by: Rowan Baylis [ ]
Dragon pleased fans of British jets earlier this year when they released CAD shots of their new 1:72 Meteor as part of their Cyber-Hobby range. Well, now the kit is ready for release and an early example arrived last week, prior to the model hitting the shelves of UK model shops.
Dragon's Meteor arrives in a solid top-opening box adorned with a slightly garish painting of a pair of Meatboxes against a purple sky. Inside, all the sprues are bagged, and the clear parts and accessories are taped to a cardboard liner for further protection. The kit comprises:
51 x grey styrene parts
7 x clear parts
5 x etched brass parts
Decals for 6 x aircraft
The moulding is very good, with no signs of flash or sink marks, and with crisp detailing throughout. The exterior surfaces have a satin finish with neatly engraved panel lines and some embossed rivets and fasteners. Strictly speaking, these are probably a bit overdone, but they aren't excessive - especially under a coat of paint. The rudder features a fabric effect, and this does look too heavy to my eyes, so I'll reduce it a fair bit.
Basic FitI've dived straight in and begun building the kit, and haven't hit any major problems so far. The cockpit tub slots neatly into the fuselage, and the halves fit together well. The wings and nacelles fit together well, and the way the wing dovetails into the fuselage underside is cleverly engineered. The wing roots are pretty good (although there's a slight gap at the front), but I've found the wings have a tendency to droop, so I think they'll need taping while they dry to ensure the centre section is flat. The kit is a tail-sitter, and Dragon show to add weight behind the cockpit. There's plenty of room, so it should be no problem adding enough.
A few detailsAs regards the aircraft as a whole, all the control surfaces are separate and the flaps can be assembled raised or lowered. The dive brakes are represented by photo-etched parts.
The cockpit is simple, but quite nicely detailed for this scale. The sidewalls are very well moulded and slot into a basic tub, along with a decent instrument panel. The seat lacks a harness, which seems a missed opportunity considering that the kit contains and etched fret. Rudder pedals are moulded into the floor of the tub. The control column has a conventional grip, whereas my references show that a spade grip was more likely for the Meteor III.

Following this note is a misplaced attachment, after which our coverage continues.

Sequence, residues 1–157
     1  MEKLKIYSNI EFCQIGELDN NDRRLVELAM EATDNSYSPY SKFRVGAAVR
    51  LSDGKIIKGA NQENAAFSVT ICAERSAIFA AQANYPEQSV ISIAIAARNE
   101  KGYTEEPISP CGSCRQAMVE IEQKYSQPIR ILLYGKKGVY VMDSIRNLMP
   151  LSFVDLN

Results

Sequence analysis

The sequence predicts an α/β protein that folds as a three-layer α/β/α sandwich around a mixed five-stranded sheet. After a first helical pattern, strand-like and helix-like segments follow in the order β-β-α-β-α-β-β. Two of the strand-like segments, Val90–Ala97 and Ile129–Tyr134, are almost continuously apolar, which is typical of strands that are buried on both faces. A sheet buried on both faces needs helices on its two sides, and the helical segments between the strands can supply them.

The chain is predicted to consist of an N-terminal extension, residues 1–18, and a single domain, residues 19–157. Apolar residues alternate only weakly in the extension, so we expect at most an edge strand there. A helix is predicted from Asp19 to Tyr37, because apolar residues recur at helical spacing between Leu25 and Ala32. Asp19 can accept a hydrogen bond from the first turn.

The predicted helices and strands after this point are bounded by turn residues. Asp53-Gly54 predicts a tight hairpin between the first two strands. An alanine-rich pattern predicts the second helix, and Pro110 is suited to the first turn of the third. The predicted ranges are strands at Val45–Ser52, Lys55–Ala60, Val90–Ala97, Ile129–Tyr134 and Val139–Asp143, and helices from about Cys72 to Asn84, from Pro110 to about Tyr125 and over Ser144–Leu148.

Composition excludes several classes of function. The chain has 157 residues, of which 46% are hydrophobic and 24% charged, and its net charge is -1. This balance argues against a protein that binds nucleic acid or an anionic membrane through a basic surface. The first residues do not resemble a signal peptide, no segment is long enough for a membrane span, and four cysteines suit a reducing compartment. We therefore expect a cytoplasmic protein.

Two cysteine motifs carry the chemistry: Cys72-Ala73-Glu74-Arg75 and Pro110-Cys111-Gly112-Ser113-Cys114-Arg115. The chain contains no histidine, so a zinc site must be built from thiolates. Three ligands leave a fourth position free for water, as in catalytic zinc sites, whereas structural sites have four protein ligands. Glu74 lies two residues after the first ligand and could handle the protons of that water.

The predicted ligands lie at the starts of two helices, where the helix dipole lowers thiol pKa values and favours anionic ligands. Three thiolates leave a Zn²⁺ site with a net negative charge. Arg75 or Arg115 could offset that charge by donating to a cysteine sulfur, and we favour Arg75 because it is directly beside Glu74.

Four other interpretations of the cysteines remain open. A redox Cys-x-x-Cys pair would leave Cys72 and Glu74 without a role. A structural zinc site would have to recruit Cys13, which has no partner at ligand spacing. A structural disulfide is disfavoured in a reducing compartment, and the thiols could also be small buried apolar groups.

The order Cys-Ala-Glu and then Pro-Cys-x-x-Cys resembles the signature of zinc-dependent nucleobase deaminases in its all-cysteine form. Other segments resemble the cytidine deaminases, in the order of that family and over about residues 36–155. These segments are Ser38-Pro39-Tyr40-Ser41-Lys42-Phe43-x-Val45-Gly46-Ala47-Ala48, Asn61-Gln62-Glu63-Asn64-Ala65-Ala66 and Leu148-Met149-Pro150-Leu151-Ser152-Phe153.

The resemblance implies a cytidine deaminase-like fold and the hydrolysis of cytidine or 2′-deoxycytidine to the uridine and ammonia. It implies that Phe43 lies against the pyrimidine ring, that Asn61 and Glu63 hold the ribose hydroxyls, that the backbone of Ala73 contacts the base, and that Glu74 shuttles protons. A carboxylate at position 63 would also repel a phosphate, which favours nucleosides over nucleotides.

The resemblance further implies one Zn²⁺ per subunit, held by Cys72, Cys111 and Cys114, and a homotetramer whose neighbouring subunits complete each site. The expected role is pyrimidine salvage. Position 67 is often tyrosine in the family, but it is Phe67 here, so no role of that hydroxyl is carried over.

The undercarriage features separate wheels and a nice touch is that the tyres are "weighted". The hubs are crisply detailed, and the wheel wells are boxed-in and have the interior structure well defined.
The nacelles are the original "short type" and have a jet-pipes to insert, but they still have an empty "see through" look, so you may want to add a little "gizmology" to fill the voids.
The canopy is crystal clear and can be posed open or closed. Other clear parts represent the gusight and lamp covers.
Instructions & decalsThe assembly guide is well drawn and easy to follow (if a little cluttered in places), breaking construction down into 5 main stages. Although a colour chart is included for Gunze Sangyo and ModelMaster paints, there's no painting guide for the interior or other details.
Decals are included for no less than 6 main schemes (plus alternative serials for 2 more):
616 Sqn., RAF, Lübeck, 19465
74 Sqn., RAF Colerne, 1945
616 Sqn., RAF, Manston, 1945
616 Sqn., RAF, England, 1945
257 Sqn., RAF, Horsham St. Faith, 1947
500 Sqn., Royal Auxiliary Air Force, West Malling, 1948
The decals are custom printed by Cartograf with their usual excellent register. Unusually, the finish is quite matte. The roundel red may be a bit bright for the wartime machines.
ConclusionOverall, Dragon's new Meteor looks a great little kit - easy to assemble and nicely detailed. My one concern is the price; although it's not in stock yet, Hannants are showing a price of £26.99. That's pretty steep for a mainstream kit of this size, and risks putting off potential buyers. That would be a real shame, because Dragon's Meatbox has a lot to offer.
Please remember, when contacting retailers or manufacturers, to mention that you saw their products highlighted here - on AEROSCALE.